You might be wondering if you should set up your store to allow reviews and ratings. Reviews can be a huge factor in purchase decisions and provides the store with free word-of-mouth advertising. Not only are happy buyers likely to leave a review on your own site, they’ll often also leave a review of your product on other consumer sites. This can lead to higher search rankings, as the reviews link back to your storefront and it also gives you free exposure on the web.
Customers are more apt to buy a product after reading good reviews that real people who’ve left use it. The last time you bought a product you’ve never used before, didn’t you do some research on the web to see what people said about it?
Let’s look at some stats dealing with stores who use product reviews:
- 77% of online shoppers use reviews and ratings when deciding what to buy. – JupiterResearch
- 59% of users believe that real consumer reviews are more valuable than expert reviews. -BizRate
- 63% of consumers are more likely to purchase a product if it contains reviews. -CompUSA
Now, you might think this would work wonders for you and your store if all your reviews are good ones, but what about the negative reviews? Should you allow those to remain on your site? Absolutely.
Bad reviews aren’t as damaging as you might think. The weight of bad to good reviews allows a consumer to really see how great the product is. If there are 4 negative reviews, but 100 good ones, then the consumer can assume the product really works. If the consumer sees there are 300 great reviews and zero negative ones, the consumer will most likely think the reviews are moderated and may not trust the product enough to buy it. You lose credibility as a merchant when you hide what your consumers really have to say about your product.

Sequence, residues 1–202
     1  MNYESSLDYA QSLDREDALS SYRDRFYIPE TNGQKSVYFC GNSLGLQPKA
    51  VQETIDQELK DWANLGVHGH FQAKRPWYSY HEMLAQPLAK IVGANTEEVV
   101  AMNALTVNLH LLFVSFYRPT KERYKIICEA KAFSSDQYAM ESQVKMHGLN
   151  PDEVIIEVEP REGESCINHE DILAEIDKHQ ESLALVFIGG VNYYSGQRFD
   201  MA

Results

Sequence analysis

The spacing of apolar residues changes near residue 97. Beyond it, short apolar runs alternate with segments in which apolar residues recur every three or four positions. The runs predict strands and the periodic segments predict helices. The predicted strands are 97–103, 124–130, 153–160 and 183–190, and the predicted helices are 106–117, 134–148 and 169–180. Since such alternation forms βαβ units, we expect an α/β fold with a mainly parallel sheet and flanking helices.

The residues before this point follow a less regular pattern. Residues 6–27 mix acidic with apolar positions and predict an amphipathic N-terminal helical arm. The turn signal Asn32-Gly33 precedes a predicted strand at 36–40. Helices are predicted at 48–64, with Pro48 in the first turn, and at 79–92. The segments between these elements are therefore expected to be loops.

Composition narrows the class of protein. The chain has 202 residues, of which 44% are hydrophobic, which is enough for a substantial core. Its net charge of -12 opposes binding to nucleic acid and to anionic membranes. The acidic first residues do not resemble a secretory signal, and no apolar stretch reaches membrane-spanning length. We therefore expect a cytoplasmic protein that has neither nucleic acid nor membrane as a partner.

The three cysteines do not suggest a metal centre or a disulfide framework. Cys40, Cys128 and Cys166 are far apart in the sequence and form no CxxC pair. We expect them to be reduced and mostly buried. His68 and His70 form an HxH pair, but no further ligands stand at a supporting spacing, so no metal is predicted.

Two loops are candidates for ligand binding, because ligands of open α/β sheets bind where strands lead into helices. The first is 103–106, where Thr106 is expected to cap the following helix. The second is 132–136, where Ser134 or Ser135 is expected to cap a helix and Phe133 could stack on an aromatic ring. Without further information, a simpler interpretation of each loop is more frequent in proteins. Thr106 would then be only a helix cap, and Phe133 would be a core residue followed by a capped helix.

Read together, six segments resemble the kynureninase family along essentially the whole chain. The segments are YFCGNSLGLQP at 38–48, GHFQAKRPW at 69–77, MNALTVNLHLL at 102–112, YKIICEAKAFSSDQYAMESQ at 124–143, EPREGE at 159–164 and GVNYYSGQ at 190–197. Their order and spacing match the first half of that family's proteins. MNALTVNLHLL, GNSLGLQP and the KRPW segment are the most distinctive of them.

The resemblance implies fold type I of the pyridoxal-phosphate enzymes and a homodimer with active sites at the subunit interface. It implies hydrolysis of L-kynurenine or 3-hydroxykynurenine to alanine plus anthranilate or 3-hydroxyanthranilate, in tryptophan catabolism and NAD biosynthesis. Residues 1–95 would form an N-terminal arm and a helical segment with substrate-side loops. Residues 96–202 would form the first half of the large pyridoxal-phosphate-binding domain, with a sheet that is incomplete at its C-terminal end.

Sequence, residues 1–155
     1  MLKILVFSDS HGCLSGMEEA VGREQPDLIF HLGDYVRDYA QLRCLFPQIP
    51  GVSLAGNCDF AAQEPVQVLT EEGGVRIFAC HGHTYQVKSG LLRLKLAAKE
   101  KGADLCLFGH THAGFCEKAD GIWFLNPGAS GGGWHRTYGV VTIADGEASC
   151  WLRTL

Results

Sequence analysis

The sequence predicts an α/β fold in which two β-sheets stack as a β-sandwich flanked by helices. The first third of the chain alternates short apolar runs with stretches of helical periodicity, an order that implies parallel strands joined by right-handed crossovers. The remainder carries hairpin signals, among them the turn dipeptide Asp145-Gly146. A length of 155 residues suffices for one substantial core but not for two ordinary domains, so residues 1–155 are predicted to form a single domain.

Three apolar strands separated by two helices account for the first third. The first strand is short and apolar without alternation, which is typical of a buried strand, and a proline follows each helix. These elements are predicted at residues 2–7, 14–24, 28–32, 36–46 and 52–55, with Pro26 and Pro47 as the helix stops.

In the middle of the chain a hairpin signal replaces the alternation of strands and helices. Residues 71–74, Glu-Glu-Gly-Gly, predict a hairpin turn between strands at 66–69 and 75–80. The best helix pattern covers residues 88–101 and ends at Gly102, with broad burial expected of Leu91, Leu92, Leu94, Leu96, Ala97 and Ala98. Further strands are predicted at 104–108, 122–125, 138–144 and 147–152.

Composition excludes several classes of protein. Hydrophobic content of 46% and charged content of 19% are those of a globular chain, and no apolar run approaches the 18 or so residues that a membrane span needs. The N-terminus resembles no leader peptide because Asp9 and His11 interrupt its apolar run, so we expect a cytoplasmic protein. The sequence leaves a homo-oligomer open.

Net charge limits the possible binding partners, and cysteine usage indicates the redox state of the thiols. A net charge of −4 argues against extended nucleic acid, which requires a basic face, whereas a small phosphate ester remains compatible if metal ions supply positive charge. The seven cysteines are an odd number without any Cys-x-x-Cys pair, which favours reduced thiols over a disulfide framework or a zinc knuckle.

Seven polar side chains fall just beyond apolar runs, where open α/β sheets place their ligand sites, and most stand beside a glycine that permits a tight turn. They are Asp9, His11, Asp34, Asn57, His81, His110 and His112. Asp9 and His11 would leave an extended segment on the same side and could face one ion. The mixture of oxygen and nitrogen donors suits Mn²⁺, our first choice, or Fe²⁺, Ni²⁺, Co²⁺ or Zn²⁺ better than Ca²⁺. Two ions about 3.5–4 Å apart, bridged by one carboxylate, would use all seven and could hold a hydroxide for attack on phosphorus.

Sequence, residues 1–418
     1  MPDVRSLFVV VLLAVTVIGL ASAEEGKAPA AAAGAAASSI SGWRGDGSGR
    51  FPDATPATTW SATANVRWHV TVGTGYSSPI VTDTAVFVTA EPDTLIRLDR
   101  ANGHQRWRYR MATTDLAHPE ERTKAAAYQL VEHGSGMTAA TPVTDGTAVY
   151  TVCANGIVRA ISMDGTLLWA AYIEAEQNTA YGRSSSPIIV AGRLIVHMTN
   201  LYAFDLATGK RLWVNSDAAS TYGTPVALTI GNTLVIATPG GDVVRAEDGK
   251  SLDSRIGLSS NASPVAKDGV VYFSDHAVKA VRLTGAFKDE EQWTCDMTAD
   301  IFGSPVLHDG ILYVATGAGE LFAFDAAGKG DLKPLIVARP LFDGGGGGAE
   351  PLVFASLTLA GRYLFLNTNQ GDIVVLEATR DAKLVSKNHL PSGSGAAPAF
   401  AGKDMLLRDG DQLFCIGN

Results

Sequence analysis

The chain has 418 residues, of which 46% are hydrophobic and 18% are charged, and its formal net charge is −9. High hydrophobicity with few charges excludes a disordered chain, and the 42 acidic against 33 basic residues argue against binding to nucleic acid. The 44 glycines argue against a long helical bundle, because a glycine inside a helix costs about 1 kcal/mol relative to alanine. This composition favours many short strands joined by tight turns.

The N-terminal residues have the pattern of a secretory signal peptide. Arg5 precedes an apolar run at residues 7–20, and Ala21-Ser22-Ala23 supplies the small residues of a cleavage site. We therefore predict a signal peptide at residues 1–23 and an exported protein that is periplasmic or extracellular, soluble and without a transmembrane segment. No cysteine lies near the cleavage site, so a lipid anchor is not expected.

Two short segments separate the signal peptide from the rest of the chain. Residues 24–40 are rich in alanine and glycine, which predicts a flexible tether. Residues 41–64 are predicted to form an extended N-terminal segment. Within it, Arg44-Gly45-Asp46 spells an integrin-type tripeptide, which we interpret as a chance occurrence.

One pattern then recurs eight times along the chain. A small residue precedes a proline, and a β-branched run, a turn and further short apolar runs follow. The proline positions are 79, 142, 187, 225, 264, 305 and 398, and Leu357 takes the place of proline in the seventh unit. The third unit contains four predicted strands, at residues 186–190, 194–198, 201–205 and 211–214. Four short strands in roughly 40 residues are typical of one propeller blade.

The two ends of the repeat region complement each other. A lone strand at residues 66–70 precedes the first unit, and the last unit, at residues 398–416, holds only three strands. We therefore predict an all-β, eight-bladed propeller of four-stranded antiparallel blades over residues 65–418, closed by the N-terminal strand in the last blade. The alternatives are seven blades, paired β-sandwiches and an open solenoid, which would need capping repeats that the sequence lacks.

Reviews also help the consumer gauge the product’s strengths and weaknesses and reduces the return and complaint rate. If I’m looking to purchase a pair of shoes that’s reviewed as super comfy but lasts only 3 months, I can gauge if I want to spend the money for comfort and trade in durability. When they fall apart in 3 months it’s expected instead of surprising because I knew what I was getting when I bought the product. Had there been no reviews about durability, I’d be on the phone demanding some kind of refund.
In order to make your reviews as helpful as possible make sure they’re displayed in a clear and very visible way on the site. You should also use some kind of rating system, like stars, so consumers who are in a hurry and don’t have time to read the reviews can quickly skim over the ratings to see how well the product has done.
You should also encourage your consumers to leave a review by mentioning it in their purchase confirmations and in your newsletter. Let them know that if they’ve enjoyed your product, you’d love to have them rate it on your site to help others.
CoreCommerce has both a review and rating system built right into the software, so if you’re not using it, it’s to your benefit to start!